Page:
Getting French and personal with pirates

Apr 15, 2008
Author: Bob Couttie

From Bob Couttie’s Maritime Accident Casebook

By Bob Couttie

For France, the taking of the 850 tonne luxury yacht Le Ponant by the highly organised ‘Somali marines’ pirate gang was a matter of national pride. In a part of the world where France had had a powerful presence for centuries, it was an insult, it was personal on a national scale, it was an insult.

The Somali Marines, one of four such groups, is a loose collection of well-armed, well-disciplined, well-financed fishermen-cum-pirates equipped with-state-of-the-art communications equipment. They are unsullied by fundamentalist Islamic politics, they want the cash with a reputation for politeness towards their involuntary guests.

Some 25 piracy incidents have been credited to them in the past year. While their ability to seize ships gets a lot of attention their real strength is organisation. Once a ship is seized a logistic chain ensures that those aboard can hunker down during extended ransom negotiations with supplies of food, water and cigarettes for a long period, and replacement pirates put on board to allow the other pirates some rest and recreation.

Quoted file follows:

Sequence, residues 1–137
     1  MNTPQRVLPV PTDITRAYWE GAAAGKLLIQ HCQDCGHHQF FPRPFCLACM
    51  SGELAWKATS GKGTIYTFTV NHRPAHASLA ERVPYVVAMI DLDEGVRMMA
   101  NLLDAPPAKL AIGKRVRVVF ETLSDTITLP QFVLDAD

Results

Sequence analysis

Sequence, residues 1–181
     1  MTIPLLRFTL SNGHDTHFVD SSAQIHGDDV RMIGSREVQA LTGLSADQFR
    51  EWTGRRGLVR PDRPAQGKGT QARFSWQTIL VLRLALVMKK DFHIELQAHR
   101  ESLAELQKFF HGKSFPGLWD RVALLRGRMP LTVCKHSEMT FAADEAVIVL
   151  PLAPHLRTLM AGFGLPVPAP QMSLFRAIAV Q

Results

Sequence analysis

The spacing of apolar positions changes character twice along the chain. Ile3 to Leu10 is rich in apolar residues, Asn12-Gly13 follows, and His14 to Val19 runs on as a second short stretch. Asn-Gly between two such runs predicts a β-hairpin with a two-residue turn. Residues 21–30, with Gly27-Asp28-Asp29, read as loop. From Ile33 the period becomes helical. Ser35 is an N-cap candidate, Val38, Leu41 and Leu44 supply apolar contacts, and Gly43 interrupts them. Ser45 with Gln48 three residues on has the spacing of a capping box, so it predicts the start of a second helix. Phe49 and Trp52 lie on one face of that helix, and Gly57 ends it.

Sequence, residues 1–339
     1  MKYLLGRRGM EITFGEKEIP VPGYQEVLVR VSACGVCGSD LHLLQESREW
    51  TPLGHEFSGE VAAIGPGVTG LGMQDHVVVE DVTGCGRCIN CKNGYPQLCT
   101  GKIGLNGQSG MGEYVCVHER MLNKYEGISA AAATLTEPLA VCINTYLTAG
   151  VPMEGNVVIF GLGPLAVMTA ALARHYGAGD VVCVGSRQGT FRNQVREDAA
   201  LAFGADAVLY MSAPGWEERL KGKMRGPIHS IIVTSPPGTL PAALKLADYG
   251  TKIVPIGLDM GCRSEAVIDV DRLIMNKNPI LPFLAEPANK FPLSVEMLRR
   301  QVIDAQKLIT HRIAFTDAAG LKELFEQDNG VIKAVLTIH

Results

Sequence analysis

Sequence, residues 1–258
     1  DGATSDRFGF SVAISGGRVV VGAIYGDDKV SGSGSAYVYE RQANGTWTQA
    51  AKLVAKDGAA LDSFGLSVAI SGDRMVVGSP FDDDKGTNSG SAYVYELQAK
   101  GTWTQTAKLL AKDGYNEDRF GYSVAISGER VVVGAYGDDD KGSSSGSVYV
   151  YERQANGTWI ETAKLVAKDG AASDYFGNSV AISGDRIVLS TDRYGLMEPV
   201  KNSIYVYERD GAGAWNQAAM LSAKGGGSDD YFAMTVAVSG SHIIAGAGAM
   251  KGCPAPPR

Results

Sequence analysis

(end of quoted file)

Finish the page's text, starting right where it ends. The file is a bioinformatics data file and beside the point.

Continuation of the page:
It's an expensive business but the rewards of the warlords who finance the operations are high. The warlords themselves risk little since they demand reimbursement from the pirates for any losses, like the skiffs sunk during the Danica White incident in 2007.

The difficulties and dangers of dealing with warlords is well presented in Blackhawk Down, an incident that still haunts the American psyche when dealing with the madness that is Somalia today. You can't do much to a people that have nothing and who are already hurting desperately. Calls not to pay ransom are little more than bluster, and often politically hypocritical. One seafarer, at least, has been executed to make the point, and one wonders how many seafarers' deaths would be acceptable.

Refusal to pay doesn't work, the kidnappers will simply move on to another target, perhaps after executing the ship's crew. Put it like this, if a thug puts a gun to your face and demands your wallet, will he stop robbing people if you refuse to give it over?

Of course not. He'll shoot you and move on. What will work is to identify and target the pirate's shore-base and act forcefully. Whatever one thinks of the European and American empires of the 19th and early 20th century, they did provide the conditions under which pirates bases could be unilaterally attacked effectively. In today's political economic and diplomatic climate such actions are rare. In that sense, the French action in Somalia is a throwback to the 19th century, the era in which, it could be argued, the French are most comfortable. It would appear the old ways are the best ways.

When Le Ponant was taken on 4 April, Gendarmerie counter-terrorism units were sent to Djibouti, about 1,000 kilometres away. Djibouti is also the headquarters of the 13th Demi-Brigade of the Foreign Legion, an organisation with a deservedly fearsome reputation and a deeply embedded institutional experience in the region.

While details of what happened next are likely to remain hazy, it is likely that a decision was made at the Elysee Palace by President Nicolas Sarkozy at a fairly early stage.